When you chose your career, what factors went into that decision? If you were to choose a new career, would those factors be any different? They certainly were in my case.
Prior to becoming a web developer, I spent the first ten years of my professional career as a NYC high school math teacher. While teaching is a great profession, it wasn’t something I ever intended to do. As an undergraduate, I majored in finance and economics. At the time I graduated – in the teeth of the Great Recession – job opportunities and had fallen off significantly. But math teachers were in high demand and offered a greater salary and better work schedule than any entry level finance job. A few months later, I was presented with an opportunity to teach at my former high school and took it without giving it much thought. Looking back, I don’t regret my decision, but I feel it was foolish not to give it ample consideration first.
We live in a time where the average U.S. worker will have many careers in his or her lifetime. How many exactly? That’s still up for debate, but seven is the most widely cited number. While I suspect this is a considerable overestimate, there is no denying that one or more career changes is quite commonplace nowadays. This being the case, I think anyone considering a new career would be wise to expand the factors they’re using to evaluate potential careers.
I expect that average salary and work schedule are the leading and most dominant factors considered by most people choosing a career for the first time. With experience though, several additional factors begin to enter the equation. For instance, after a few months of searching, applying and interviewing without success, the importance of the number of job opportunities becomes clear. But what else should we be considering?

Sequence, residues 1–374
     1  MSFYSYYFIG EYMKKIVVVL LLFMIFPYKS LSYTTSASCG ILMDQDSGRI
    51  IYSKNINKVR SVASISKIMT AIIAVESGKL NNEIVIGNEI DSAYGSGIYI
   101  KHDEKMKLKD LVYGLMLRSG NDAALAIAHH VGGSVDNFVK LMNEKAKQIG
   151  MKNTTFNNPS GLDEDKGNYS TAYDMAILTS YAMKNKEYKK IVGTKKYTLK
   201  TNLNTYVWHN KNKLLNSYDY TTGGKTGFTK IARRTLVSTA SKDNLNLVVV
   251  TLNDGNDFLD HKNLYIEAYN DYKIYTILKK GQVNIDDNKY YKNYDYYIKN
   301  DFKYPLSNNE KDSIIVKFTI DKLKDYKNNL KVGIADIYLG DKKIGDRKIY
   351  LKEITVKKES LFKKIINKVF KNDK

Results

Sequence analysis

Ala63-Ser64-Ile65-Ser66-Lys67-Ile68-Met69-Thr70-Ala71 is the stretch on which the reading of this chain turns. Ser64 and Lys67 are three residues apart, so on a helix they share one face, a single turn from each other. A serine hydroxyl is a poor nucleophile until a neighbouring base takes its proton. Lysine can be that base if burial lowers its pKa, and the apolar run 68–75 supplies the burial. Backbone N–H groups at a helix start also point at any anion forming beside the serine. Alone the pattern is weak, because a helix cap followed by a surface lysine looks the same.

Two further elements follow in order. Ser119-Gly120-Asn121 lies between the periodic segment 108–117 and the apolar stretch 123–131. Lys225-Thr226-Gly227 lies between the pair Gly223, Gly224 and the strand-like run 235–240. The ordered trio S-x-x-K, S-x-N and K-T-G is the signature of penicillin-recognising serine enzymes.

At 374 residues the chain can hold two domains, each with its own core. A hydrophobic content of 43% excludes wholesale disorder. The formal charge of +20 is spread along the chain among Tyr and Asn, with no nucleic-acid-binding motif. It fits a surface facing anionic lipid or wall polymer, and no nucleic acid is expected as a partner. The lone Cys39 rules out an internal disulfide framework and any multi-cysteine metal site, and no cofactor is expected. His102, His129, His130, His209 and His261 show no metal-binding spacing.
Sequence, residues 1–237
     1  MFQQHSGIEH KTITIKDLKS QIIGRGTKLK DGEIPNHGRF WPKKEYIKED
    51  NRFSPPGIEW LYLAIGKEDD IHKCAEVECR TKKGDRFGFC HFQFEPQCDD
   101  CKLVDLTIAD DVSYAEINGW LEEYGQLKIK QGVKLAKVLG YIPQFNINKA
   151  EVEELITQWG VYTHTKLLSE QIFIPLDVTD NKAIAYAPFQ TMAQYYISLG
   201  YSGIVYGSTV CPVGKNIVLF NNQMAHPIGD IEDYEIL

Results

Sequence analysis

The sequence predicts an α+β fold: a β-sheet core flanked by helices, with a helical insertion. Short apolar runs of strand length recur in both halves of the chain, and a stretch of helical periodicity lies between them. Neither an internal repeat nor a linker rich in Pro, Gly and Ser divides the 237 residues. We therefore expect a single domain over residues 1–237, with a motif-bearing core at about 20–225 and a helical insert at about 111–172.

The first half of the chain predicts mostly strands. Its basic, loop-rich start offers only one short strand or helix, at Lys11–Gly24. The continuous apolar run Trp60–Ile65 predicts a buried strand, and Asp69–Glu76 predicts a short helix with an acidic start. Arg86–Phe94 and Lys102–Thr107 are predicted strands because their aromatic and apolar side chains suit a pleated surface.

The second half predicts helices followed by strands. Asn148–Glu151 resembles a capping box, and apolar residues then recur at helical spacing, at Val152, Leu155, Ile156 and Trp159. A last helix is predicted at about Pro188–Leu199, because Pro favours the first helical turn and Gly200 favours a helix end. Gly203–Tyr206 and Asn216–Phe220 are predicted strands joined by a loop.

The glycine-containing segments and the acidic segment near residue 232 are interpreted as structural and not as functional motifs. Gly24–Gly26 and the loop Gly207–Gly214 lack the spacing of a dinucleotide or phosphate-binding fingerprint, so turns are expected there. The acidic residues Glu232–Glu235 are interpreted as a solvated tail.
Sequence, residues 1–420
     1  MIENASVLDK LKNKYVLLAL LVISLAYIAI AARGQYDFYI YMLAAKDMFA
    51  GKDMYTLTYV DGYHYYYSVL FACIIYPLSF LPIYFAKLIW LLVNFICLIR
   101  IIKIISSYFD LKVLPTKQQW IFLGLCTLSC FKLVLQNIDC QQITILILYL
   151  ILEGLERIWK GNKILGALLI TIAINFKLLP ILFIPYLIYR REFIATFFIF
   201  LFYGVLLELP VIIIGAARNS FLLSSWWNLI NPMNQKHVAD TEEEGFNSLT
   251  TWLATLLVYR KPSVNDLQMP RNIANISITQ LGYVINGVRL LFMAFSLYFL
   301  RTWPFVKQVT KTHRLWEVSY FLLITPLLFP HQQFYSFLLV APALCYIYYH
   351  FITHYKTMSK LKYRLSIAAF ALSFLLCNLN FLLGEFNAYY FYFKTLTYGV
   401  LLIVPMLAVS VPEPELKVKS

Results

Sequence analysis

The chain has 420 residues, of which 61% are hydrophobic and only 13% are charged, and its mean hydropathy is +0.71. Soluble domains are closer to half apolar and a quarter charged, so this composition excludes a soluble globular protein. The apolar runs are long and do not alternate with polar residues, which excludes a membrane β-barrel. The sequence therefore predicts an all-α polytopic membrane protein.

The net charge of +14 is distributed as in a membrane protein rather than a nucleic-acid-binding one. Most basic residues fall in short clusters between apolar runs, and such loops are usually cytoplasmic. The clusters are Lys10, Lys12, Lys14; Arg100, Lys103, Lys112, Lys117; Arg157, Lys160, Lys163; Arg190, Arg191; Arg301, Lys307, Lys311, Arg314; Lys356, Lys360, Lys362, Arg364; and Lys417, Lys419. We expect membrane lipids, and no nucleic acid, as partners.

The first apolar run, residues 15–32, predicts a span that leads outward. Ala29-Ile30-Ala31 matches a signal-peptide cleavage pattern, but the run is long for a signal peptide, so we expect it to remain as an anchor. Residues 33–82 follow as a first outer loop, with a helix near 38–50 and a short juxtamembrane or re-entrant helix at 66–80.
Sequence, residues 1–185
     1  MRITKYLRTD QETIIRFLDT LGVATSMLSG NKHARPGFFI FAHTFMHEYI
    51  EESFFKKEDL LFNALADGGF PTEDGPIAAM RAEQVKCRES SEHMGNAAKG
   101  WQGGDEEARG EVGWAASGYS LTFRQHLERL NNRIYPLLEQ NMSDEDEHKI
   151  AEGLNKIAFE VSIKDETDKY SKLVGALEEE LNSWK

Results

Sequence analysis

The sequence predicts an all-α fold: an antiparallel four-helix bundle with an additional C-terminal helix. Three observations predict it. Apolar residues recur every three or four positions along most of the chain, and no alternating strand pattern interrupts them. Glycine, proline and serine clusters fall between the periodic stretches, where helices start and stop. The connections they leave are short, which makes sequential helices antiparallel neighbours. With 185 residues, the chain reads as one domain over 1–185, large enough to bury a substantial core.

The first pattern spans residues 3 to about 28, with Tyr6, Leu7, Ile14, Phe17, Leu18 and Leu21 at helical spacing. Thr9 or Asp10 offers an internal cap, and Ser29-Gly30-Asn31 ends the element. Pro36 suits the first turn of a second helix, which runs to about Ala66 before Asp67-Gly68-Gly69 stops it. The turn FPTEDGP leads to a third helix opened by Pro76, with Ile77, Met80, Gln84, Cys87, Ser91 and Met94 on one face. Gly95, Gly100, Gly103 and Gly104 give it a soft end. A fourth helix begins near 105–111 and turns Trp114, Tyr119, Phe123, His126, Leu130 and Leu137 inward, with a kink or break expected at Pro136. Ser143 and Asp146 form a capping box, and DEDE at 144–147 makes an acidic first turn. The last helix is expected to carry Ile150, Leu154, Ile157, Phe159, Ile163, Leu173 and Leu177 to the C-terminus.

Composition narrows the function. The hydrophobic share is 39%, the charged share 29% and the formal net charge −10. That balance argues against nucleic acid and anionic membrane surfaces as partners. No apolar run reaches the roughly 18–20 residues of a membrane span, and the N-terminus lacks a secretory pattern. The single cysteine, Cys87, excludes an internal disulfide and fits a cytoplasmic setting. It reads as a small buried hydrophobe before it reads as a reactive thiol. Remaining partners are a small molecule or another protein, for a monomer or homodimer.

- What are employers looking for? By understanding what skills are projected to be in-demand in the years to come (as well as which ones are most desirable today), you can help give yourself a better chance of landing a job and achieving continued success in your new career.
- What’s the outlook for the future? After a little research, I was happy to learn that according to the Bureau of Labor and Statistics, employment of web developers is projected to grow 20 percent by 2022, significantly faster than the average for all occupations. In contrast, the US Bureau of Labor Statistics projects a 28% decline in postal-service jobs by 2022, totaling around 139,100 fewer positions. Postal-service jobs are just one of many headed in that direction, a lot of which may come as a surprise, so I strongly recommend confirming any expectations of growth you may have.
- Work Environment. A job description which includes anything akin to “We’re looking for someone who wants to join a great team and work in a fun, relaxed atmosphere.” is a great sign, and in my case, very true, as this was from the original job posting for my current job here at R&J. Of course not every claim of being a great place to work will be as accurate, nor will every great place to work advertise it in their job descriptions. There are other ways to find great places to work such as NJBIZ, which through their “Best Places to Work in New Jersey” awards program recognizes and honors the state’s top employers who show a dedication to their employees’ professional growth and quality of life. Earlier this year, R&J Strategic Communications was named the fourth-best Place to Work in New Jersey for 2016, marking the fourth time R&J has made the Best Places to Work list.
So what advice do I have for someone at the start of a new career path? Research and give consideration to a wide variety of factors. I recommend starting with a simple YouTube search: “Should I become a _________?” More than likely you’ll find multiple videos of people currently working in the industry you’re considering. For me, the information, insight, and honest opinions I found here were invaluable in my decision to become a web developer and I fully intend to create one of my own someday.
Salary potential is, of course, an important factor. If you aren’t going to be happy with the salary a particular career has to offer, it can be deal breaker, and rightfully so. Beyond a certain point though, earnings potential actually has little influence over how happy or successful you’ll be in your new career. Giving proper consideration to things like work environment, room for growth, potential for specialization, job opportunities, projected growth of the industry, and community will pay all kinds of dividends, including making you less likely to find yourself starting over a few years down the road.